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superman

Cosmological Argument

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On 7/19/2017 at 8:08 PM, superman said:

To be grateful to God you must assume his existence. Its a circle.

 

Unless you mean being grateful in general.

 

You wouldn't have to "assume" anything if you were simply and truly grateful to God; rather, you would believe in His existence. Therefore gratitude and faith are interconnected, and there is something that connects them, but it's not circular. Maybe it's a level of moral maturity, a sense of connectedness of things, an emotional intuition about God, a sense of responsibility to give thanks, or something of that nature which unites the two. 

 

Edit: It's probably one of those chicken and egg type questions.

 

On 7/19/2017 at 8:10 PM, superman said:

he was talking about yale, I thought that's what he meant - that yale caused him to think of the Quran as a historical source.

 

But he didn't say that you can't contextualize the Quran in history, as you stated earlier. 

 

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On 7/19/2017 at 8:22 PM, Spider said:

 

You wouldn't have to "assume" anything if you were simply and truly grateful to God; rather, you would believe in His existence. Therefore gratitude and faith are interconnected, and there is something that connects them, but it's not circular. Maybe it's a level of moral maturity, a sense of connectedness of things, an emotional intuition about God, a sense of responsibility to give thanks, or something of that nature which unites the two. 

 

 

By assume I mean "use as a starting point."

 

You use Gods existence as a starting point, ie an axiom, an assumption from which to go from. I think what you just said confirms my point and I think your so deep in this circular logic you don't even realise it.

 

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It's not like belief in God (or belief in anything else, for that matter) is supposed to have a rational chain of arguments.

 

As I said, we cannot ignore the inner aspects of being a human, especially given that the way we reason and perceive things are not independent from our emotions (gratitude, yearnings, etc.)

 

Are we all Turing machines? No, I don't think so.

 

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Idk, cells are just compilations of molecules and proteins. If you see them interact they behave very intelligently but in reality they're just a system of mechanical components that release energy.

 

We are just a large collection of cells.

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16 minutes ago, superman said:

Idk, cells are just compilations of molecules and proteins. If you see them interact they behave very intelligently but in reality they're just a system of mechanical components that release energy.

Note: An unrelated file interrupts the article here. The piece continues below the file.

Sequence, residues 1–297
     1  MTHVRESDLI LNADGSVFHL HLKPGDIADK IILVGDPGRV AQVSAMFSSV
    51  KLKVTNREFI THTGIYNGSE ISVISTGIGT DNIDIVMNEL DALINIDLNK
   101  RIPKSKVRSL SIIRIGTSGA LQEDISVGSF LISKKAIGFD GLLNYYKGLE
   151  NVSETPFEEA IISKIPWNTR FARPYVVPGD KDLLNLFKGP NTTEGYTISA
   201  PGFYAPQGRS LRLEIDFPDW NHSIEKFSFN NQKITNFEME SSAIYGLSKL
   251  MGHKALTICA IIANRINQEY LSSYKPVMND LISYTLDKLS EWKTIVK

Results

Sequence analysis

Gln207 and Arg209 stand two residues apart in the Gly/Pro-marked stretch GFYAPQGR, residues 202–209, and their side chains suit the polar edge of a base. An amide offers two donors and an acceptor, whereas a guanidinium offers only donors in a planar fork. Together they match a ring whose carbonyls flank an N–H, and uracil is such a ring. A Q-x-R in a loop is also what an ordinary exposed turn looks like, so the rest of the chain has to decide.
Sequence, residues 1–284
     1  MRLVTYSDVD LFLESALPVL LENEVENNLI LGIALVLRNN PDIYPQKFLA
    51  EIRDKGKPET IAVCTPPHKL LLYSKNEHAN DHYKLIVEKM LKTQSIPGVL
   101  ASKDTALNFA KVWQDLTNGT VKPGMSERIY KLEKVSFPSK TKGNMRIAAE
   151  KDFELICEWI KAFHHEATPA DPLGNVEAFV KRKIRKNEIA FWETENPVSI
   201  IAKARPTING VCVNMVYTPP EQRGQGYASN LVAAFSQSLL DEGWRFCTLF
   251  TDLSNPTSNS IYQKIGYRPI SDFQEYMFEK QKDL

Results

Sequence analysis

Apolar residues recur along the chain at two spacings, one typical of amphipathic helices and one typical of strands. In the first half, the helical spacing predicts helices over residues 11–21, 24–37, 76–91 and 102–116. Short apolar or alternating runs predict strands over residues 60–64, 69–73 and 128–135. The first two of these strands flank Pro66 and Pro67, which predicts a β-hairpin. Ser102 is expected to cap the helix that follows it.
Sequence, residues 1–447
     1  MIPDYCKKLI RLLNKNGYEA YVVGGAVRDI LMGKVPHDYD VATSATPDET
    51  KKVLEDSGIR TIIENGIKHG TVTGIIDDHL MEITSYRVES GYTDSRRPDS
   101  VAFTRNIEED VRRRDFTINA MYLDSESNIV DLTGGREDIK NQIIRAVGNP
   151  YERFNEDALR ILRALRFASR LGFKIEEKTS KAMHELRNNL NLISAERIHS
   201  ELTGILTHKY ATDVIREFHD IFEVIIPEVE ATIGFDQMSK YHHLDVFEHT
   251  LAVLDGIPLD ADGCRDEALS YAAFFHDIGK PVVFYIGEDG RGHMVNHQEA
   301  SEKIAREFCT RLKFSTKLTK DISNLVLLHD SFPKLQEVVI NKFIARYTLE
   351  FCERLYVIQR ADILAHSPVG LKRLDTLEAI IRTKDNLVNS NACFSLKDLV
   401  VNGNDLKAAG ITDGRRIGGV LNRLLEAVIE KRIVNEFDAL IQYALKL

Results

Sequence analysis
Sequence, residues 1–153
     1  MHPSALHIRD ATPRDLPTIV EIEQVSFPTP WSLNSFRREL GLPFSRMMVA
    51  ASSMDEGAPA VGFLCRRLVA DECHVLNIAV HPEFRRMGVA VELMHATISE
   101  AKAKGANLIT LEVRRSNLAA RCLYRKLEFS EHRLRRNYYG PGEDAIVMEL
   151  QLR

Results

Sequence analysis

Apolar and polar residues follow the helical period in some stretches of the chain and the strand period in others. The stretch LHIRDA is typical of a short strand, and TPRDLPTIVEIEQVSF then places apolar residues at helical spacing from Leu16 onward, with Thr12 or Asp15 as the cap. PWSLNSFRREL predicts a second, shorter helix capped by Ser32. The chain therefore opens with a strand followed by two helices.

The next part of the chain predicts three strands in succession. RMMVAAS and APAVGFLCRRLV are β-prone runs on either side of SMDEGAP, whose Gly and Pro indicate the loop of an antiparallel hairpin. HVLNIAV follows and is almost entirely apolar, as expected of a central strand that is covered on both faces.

We are just a large collection of cells.

this idea is so Newtonian. It has since been accepted a system is more than merely the sum of its components.

i.e., you can't just say a (mathematical) circle is just a collection of (mathematical) points. A (mathematical) straight line is also a collection of points. but there is a huge difference between a circle and a straight-line. Lots of disciplines, especially biology, are till stuck in the old paradigm.

 

58 minutes ago, Spider said:

It's not like belief in God (or belief in anything else, for that matter) is supposed to have a rational chain of arguments.

 

As I said, we cannot ignore the inner aspects of being a human, especially given that the way we reason and perceive things are not independent from our emotions (gratitude, yearnings, etc.)

 

Are we all Turing machines? No, I don't think so.

 

to add to this, perception is largely influenced by pre existing experience, knowledge and emotional state.

 

 

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I think the issue raised by Yasir Qadhi shouldn't be generalized too much. His experience and perception is unique to him. Dr. Jonathan Brown, for example, have a different story.

Check out his videos on Youtube

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On 7/19/2017 at 9:27 PM, superman said:

Idk, cells are just compilations of molecules and proteins. If you see them interact they behave very intelligently but in reality they're just a system of mechanical components that release energy.

 

We are just a large collection of cells.

 

This may be true, but now this would make science itself circular (in a physical sense), because we are essentially a highly organized collection of particles which are learning and thinking about it's own self.

 

In short, we are a part of nature, and we are made up of nature (atoms, molecules, etc), and this "nature" that we are composed of is trying to understand nature itself. Therefore, science is sort of like nature having a dialogue with itself. That is, we human beings pose questions to nature through experiments and scientific reasoning in order to gain knowledge about the universe, but there's a circularity behind the whole thing given that we ourselves are a part of nature.

 

Carl Sagan also once summed up this idea when he said, "We are a way for the cosmos to know itself."

 

Well, so if nature can have a dialogue with itself, and if it is trying to "know itself," then this is like saying that nature already has some kind of a "mind." And if you accept that, then it shouldn't require much of a leap of thought to go from that idea to the idea of an intelligent being (God).

 

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